Okay, okay. So they’re only 5 and 3. I should cut ’em a break. But we’re in the BRITISH MUSEUM for stolen’s sake!

“Look guys! Sphinxes and obelisks and some old stolen temple, oh my!”

“Daddy? Can we buy a present?”

“No. Look at this medieval…metal thingy.” (I’m boring myself, by this point.)

“I hate it, here, Daddy. There’s nothing to do but look at stuff.”

“Right, but you’re growing smarter by the second. I just know it. You’ll pass that test to get into the G&T program and I’ll never have to worry about you being dumb. I’ll just worry about you being a drug dealer at Ivy league schools. And that’s preferable to you being stupid.”

“Daddy, don’t say stupid.”

And then, it happened. We stumbled into a room of pilloried splendor that even my kids couldn’t avert their eyes. They were transfixed, they were they were stimulated. My nagging and dragging had been worth it. They were changed beings from near-toddlers to almost-tweens. Such magic a little T&A can do…even for little American, uncultured troglodytes.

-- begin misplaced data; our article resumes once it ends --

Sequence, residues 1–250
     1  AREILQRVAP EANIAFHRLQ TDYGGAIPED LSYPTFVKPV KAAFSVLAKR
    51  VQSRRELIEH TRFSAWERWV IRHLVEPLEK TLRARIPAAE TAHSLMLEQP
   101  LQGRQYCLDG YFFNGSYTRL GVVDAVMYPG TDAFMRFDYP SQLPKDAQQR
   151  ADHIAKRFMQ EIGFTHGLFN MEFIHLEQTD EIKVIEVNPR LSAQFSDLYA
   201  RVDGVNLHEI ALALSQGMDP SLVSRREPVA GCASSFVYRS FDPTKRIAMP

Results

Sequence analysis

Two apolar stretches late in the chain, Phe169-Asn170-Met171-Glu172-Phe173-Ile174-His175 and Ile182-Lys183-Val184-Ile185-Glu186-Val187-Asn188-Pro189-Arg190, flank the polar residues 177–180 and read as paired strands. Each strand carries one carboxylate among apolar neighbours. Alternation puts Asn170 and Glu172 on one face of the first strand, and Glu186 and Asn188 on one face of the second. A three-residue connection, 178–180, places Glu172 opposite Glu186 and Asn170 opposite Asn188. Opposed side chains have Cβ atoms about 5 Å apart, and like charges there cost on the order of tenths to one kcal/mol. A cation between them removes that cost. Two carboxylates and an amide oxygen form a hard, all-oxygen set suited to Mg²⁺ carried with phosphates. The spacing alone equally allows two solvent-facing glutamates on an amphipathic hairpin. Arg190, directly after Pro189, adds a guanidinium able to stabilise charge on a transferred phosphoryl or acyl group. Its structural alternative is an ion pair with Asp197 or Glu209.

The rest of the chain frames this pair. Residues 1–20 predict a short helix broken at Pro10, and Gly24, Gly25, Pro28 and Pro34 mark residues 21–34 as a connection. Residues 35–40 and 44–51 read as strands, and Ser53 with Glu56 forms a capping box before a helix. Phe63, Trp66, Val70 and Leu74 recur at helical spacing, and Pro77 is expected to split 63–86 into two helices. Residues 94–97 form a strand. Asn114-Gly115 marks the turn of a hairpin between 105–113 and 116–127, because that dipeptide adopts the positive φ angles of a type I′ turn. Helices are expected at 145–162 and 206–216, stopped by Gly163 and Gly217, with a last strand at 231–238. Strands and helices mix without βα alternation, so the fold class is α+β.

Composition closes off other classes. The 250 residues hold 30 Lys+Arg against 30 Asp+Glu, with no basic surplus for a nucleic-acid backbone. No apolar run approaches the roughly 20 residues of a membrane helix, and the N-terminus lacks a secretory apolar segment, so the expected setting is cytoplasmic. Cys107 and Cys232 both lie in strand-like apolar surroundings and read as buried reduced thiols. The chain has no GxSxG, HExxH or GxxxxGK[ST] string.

For ten titillating and hilarious minutes, butts, boobs and penises made us all giggle and thrilled my kids. They were finally engaged and curious.

But after those ten minutes (make it six), and they were back to…”Daddy, this is boring. I wanna go.”

And we did. We’d been there an hour. Pretty good compromise, if I do say so, myself.

One more minute of giggling and they were back to…Daddy, this is boring. I wanna go.

And we did. We’d been there an hour. Pretty good compromise, if I do say so, myself.

5 comments

  1. This is great! I’m so glad you are dragging them to witness the splendor of the ill-gotten gains of the British Empire. An hour is plenty. If you in a place for long enough, go several times for short periods. They will develop favorites that they’ll recognize over time, and art will become a friend to them.